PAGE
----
The number of poor people in the country declined by 26% in 10 years, according to a World Bank assessment.
Bangladesh experienced a uniform and steady decline in poverty rates between 2000 and 2010. Poverty declined 1.8% annually between 2000 and 2005, and 1.7% annually between 2005-2010.
There was a continuous decline in the number of poor people - from nearly 63m in 2000, to 55m in 2005, and then 47m in 2010.
The Bangladesh Poverty Assessment shows that during the period 2000-2010 poverty reduction was closely linked to the growth in labour income and changes in demographics. Labour income, both formal and informal, was the dominant factor in higher incomes and lower poverty rates.
Parallel to this, fertility rates have been steadily dropping over the last several decades which have resulted in lower dependency ratios thereby increasing income per-capita and reducing poverty.
The potential to benefit from the demographic dividend will continue in the short to medium term. But to continue to reap the benefits from the demographic changes, Bangladesh will need policies that respond to the needs of the growing population of young adults.
Main Policy Implications
To ease the labour market pressures caused by the demographic transition, Bangladesh will need to focus more attention to the skills development of a rapidly expanding labour force, including policies aimed at enhancing opportunities for overseas migration. Similarly, given the trends in female education outcomes and low rates of female labour force participation, a focus on creating ‘female-friendly’ jobs, work environments and labour policies will also help to facilitate a higher level of female participation in the labour force.
Moreover, moving forward, sustained poverty reduction will necessitate coordinated multi-sectoral action. Investments to raise agricultural productivity and growth in the demand for salaried work in the manufacturing and service sectors are crucial for maintaining growth in labour income.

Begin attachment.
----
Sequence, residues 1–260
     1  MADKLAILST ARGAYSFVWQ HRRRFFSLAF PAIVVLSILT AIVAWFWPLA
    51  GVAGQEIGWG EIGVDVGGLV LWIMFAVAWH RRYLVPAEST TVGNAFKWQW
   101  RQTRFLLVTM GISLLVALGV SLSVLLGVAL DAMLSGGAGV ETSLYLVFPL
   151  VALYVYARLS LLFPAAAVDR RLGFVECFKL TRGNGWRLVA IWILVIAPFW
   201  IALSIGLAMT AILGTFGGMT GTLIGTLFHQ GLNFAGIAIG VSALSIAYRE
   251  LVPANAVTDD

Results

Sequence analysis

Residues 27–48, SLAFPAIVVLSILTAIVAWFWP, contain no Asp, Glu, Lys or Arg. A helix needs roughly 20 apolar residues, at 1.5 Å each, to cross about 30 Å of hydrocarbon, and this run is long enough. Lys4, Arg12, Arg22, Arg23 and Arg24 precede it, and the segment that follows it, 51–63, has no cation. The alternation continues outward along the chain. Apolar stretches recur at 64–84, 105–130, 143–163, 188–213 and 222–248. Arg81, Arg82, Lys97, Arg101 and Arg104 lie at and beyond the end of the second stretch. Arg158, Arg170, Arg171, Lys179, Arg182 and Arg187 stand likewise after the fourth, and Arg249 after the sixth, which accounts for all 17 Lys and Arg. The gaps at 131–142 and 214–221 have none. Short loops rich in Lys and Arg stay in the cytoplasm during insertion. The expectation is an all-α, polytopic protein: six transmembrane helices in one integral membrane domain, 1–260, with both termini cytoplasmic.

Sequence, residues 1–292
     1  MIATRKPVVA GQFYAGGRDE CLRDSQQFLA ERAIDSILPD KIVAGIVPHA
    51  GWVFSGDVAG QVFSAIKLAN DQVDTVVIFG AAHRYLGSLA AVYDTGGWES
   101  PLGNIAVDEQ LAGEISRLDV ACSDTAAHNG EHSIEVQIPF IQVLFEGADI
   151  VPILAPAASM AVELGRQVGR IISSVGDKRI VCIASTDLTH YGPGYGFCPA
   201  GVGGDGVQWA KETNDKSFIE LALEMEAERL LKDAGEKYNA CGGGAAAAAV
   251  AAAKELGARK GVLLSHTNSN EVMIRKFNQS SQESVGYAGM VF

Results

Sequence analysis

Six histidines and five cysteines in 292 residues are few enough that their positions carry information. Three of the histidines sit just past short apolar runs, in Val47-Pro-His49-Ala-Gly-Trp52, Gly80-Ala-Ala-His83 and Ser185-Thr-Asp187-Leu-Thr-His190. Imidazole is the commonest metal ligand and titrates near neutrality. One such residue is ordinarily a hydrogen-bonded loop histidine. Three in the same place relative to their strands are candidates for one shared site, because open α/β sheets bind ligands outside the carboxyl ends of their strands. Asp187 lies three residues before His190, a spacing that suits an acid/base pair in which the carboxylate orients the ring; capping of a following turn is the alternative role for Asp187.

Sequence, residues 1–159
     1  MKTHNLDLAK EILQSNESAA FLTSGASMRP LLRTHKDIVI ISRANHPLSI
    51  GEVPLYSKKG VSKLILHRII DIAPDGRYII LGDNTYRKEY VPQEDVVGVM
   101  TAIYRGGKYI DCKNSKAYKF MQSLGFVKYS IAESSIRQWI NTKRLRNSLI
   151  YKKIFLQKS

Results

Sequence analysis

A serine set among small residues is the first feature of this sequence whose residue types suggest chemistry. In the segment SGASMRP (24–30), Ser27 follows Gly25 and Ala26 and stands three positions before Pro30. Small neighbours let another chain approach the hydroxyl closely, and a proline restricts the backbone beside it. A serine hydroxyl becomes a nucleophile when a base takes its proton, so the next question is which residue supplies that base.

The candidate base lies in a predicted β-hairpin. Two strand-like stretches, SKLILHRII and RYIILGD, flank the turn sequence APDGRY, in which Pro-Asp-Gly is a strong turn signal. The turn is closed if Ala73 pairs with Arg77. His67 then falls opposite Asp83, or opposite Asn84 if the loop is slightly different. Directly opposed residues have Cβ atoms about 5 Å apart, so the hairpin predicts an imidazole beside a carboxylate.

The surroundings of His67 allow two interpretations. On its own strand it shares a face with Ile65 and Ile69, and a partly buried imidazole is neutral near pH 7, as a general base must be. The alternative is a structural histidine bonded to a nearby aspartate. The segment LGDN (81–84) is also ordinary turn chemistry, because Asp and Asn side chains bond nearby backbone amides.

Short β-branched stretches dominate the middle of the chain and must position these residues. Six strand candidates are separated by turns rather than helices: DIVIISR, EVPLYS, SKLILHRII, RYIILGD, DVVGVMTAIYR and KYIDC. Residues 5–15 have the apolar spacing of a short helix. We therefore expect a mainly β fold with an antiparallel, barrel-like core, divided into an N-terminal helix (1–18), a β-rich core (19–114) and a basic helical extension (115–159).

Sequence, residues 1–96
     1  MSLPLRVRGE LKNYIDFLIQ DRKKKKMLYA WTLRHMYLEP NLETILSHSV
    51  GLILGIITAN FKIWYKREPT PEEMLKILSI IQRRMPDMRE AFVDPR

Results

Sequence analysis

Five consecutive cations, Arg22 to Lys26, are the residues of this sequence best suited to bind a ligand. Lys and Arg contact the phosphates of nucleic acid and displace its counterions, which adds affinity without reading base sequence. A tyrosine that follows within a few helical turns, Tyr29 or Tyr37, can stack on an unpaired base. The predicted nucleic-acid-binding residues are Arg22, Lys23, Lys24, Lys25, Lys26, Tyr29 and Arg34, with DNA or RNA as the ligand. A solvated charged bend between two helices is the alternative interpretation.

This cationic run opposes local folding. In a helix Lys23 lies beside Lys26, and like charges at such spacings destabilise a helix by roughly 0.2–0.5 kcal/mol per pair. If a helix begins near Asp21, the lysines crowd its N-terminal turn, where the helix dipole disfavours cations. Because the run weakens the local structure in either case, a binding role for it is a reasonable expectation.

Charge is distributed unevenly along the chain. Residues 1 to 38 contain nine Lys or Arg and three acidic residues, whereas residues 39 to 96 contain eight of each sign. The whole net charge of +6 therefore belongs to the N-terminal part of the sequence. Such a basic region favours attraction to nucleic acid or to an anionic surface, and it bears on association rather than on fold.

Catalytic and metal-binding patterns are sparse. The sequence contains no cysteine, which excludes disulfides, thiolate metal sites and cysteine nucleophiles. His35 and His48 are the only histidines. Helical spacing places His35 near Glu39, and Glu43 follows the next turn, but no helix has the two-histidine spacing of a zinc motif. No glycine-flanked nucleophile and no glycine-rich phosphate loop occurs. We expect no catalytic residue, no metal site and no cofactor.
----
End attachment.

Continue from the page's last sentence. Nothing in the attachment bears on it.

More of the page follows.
Bangladesh will also find itself at the cusp of an aging challenge in about 20 years. There is ample time to prepare, but Bangladesh will want to start the process of discussing programs and policies that can protect the elderly in a manner that is both fiscally sustainable and culturally appropriate.
The report suggests that, to be more effective, safety net programmes need to be: better timed to more adequately address short-term needs, better targeted ensure that benefits are primarily received by the poor, and better tailored to meet the specific needs of the poor. Consolidation of safety net programmes in Bangladesh along these three principles would improve efficiency and establish a solid foundation for increasing investments in safety net programmes with increased benefit levels.
Furthermore, safety nets have gradually shifted from food transfers to cash transfers in recognition of the fact that the latter are more cost effective. Linking this larger pool of cash allowances to human development outcomes could prove a powerful formula for increasing human capital and for attaining further poverty reduction in the future.
Particular emphasis needs to be placed on programmes that focus on: early childhood development in ways that integrate health and nutrition services, pre-school education, early stimulation and learning; and also programmes focused on building skills and improving the employability of poor youth.